A defendant must request the instruction on lesser-included offenses, or his purported error on appeal is limited to plain error review. Collins, 334 N.C. at 62, 431 S.E.2d at 193. The State asserts that because defense counsel failed to make his request in writing, the trial court did not err in failing to give the requested instruction to the jury. See, e.g., State v. Martin, 322 N.C. 229, 237, 367 S.E.2d 618, 623 (1988); State v. McNeill, 346 N.C. 233, 240, 485 S.E.2d 284, 288 (1997).
The requests in Martin and McNeill were “tantamount to a request for special instructions.” McNeill, 346 N.C. at 240, 485 S.E.2d at 288. The State cites, and we find, no case law where our appellate courts held invalid a defendant's oral request for instructions on lesser-included offenses. Review of the records in other cases indicates this Court conducts a de novo review of oral requests for lesser-included offenses. See, e.g., State v. Allbrooks, ––– N.C. App. ––––, ––––, 808 S.E.2d 168, 171-72 (2017). We review Defendant's arguments on the trial court's failure to instruct on conspiracy to commit common law robbery de novo.
Defendant failed to request an instruction for aggravated common law robbery, either orally or in writing. We review that argument for plain error.
B. Conspiracy to Commit Common Law Robbery
Defendant asserts the trial court was required to submit an instruction of conspiracy to commit common law robbery to the jury in light of purported contradictory evidence. The State argues Defendant's argument for a lesser-included instruction on conspiracy to commit common law robbery has been addressed in and is controlled by State v. Johnson, 164 N.C. App. 1, 595 S.E.2d 176 (2004). We agree with the State's assertion.
This Court in Johnson found the trial court did not err in failing to instruct the jury on conspiracy to commit common law robbery. Id. at 18, 595 S.E.2d at 186. The defendant had also claimed the trial court erred in not submitting the lesser-included offense of common law robbery to the jury. Id. at 16, 595 S.E.2d at 185. Two witnesses testified the defendant had used a gun in the robbery and no contradictory evidence was admitted. Id. The defendant presented two witnesses, one of whom was his girlfriend, who testified as an alibi that the defendant was at home with her at the time of the armed robbery. Id. at 8, 595 S.E.2d at 180. This Court found the trial court was not required to submit the instruction for the lesser-included offense of common law robbery to the jury, in light of the uncontroverted evidence of a dangerous weapon being used in the robbery. Id. at 16, 595 S.E.2d at 185.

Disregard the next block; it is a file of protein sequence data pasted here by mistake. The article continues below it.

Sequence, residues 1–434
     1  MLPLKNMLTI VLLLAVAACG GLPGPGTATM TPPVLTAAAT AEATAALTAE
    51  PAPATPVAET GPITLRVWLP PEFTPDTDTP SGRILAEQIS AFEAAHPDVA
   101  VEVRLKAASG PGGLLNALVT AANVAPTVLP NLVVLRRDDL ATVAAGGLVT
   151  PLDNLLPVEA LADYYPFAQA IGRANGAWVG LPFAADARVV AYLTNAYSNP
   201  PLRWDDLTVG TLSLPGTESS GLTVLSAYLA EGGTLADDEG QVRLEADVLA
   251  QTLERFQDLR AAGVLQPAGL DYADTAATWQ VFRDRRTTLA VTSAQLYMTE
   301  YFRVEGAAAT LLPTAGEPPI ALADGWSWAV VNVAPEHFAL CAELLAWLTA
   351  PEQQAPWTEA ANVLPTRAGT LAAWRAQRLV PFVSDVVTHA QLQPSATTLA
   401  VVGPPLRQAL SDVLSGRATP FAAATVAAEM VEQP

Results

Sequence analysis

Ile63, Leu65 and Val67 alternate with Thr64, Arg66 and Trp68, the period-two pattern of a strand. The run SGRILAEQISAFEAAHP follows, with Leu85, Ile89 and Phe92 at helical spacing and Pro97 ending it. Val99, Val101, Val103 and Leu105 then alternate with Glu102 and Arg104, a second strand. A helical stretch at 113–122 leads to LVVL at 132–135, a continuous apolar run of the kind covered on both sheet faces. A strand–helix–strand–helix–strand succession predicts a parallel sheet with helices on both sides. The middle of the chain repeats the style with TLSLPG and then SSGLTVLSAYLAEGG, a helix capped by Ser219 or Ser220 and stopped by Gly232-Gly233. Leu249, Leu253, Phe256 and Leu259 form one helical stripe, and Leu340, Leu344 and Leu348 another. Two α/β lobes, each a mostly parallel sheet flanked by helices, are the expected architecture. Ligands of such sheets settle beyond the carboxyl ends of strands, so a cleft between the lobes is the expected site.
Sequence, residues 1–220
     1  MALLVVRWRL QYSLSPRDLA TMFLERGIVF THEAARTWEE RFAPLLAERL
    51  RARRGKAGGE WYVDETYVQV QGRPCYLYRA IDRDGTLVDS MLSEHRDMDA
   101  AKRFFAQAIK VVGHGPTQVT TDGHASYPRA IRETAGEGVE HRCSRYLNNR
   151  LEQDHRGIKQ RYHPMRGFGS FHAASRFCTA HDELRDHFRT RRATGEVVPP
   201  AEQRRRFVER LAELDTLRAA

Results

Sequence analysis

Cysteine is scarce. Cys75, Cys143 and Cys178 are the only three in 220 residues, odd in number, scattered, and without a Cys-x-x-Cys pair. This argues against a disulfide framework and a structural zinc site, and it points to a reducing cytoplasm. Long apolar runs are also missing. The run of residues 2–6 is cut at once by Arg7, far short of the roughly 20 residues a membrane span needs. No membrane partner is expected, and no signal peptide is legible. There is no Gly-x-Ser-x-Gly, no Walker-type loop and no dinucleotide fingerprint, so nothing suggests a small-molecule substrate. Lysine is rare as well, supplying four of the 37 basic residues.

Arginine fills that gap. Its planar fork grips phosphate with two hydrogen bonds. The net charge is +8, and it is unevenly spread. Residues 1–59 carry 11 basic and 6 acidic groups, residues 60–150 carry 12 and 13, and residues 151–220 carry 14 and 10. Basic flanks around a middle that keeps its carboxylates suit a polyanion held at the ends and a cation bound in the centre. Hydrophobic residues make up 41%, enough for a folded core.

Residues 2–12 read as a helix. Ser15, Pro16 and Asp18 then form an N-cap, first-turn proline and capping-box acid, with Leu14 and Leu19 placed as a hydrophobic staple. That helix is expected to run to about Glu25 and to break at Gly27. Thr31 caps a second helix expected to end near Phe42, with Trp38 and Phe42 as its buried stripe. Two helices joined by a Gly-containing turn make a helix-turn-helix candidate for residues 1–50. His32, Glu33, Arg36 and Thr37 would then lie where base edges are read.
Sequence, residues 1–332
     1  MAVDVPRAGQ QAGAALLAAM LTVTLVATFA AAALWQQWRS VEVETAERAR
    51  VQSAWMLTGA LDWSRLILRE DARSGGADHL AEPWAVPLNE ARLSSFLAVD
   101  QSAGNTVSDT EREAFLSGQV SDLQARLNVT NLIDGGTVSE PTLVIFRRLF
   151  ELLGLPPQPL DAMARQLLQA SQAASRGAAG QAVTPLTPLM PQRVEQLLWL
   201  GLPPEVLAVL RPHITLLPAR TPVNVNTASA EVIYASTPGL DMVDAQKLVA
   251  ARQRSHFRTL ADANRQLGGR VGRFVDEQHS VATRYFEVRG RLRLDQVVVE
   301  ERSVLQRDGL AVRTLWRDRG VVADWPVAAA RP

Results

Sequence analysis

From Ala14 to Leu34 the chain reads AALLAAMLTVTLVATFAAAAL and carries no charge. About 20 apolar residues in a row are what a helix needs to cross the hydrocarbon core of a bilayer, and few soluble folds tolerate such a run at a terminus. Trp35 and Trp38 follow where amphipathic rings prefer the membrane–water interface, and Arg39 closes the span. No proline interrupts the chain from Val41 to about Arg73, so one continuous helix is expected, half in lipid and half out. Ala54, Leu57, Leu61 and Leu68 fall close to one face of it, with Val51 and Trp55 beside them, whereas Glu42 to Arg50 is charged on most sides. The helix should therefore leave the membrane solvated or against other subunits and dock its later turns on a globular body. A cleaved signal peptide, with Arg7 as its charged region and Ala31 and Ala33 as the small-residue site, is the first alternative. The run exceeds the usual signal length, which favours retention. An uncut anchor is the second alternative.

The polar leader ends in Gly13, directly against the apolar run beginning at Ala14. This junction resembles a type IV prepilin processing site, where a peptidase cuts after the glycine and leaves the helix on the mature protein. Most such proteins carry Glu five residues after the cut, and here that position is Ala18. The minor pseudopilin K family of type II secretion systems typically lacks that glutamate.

Following similar reasoning, this Court determined “the State's conspiracy charge against defendant was based on an inference that defendant formed a mutual, implied understanding with his co-conspirators to commit robbery with a dangerous weapon at the moment he pointed the gun at the victims.” Id. at 18, 595 S.E.2d at 186. Because the evidence of the defendant pointing a gun at the victims was uncontradicted, no evidence existed from which the jury could find a conspiracy to commit common law robbery. Id.
Unlike the defendant in Johnson, Defendant herein did not present any evidence at trial. He relies upon purported contradictory evidence in the State's evidence. Price, the victim, testified the man who accosted and robbed him in his driveway brandished a gun. A deputy testified concerning Defendant's statements to officers, wherein Defendant denied using a weapon and described the robbery as a “snatch and grab.”
This Court's analysis in Johnson applies to the case at bar. Defendant's argument is overruled.
C. Aggravated Common Law Robbery
Defendant argues the trial court committed plain error by failing to submit an instruction for aggravated common law robbery as a lesser-included offense to robbery with a dangerous weapon. The State asserts this Court's holding in State v. McFadden, 181 N.C. App. 131, 638 S.E.2d 633 (2007), negates Defendant's argument.
In McFadden, this Court held that the offenses of robbery with a dangerous weapon and aggravated common law robbery were not fungible for the purposes of sentencing, because “robbery with a dangerous weapon contains an additional element: That the life of a person is endangered or threatened by the use of the dangerous weapon.” Id. at 136, 638 S.E.2d at 636. It is unclear how this holding would refute Defendant's argument. If common law robbery is a lesser-included offense of robbery with a dangerous weapon, aggravated common law robbery should also be a lesser-included offense.
However, after review of the entire record, even if we were to agree with Defendant, we find no evidence tending to show this purported “instructional error had a probable impact on the jury's finding of guilt.” State v. Odom, 307 N.C. 655, 661, 300 S.E.2d 375, 378-79 (1983). Defendant's argument is overruled.
VI. Ineffective Assistance of Counsel
Defendant asserts he was denied effective assistance when his trial counsel: (1) failed to move to dismiss the charge of conspiracy to commit robbery with a dangerous weapon; and, (2) failed to object to the judge meeting with members of the jury after the verdict was rendered, entered, and the jury had been released.
A. Failure to Move to Dismiss Conspiracy Charge
“To make a successful ineffective assistance of counsel claim, a defendant must show that (1) defense counsel's ‘performance was deficient,’ and (2) ‘the deficient performance prejudiced the defense.’ ” State v. Waring, 364 N.C. 443, 502, 701 S.E.2d 615, 652 (2010) (quoting Strickland v. Washington, 466 U.S. 668, 687-88, 694, 80 L.Ed. 2d 674, 693, 697-98 (1984)), cert. denied, 565 U.S. 832, 181 L.Ed. 2d 53 (2011). Defendant asserts his trial counsel's failure to move to dismiss the charge for conspiracy to commit robbery with a dangerous weapon constituted “deficient performance.”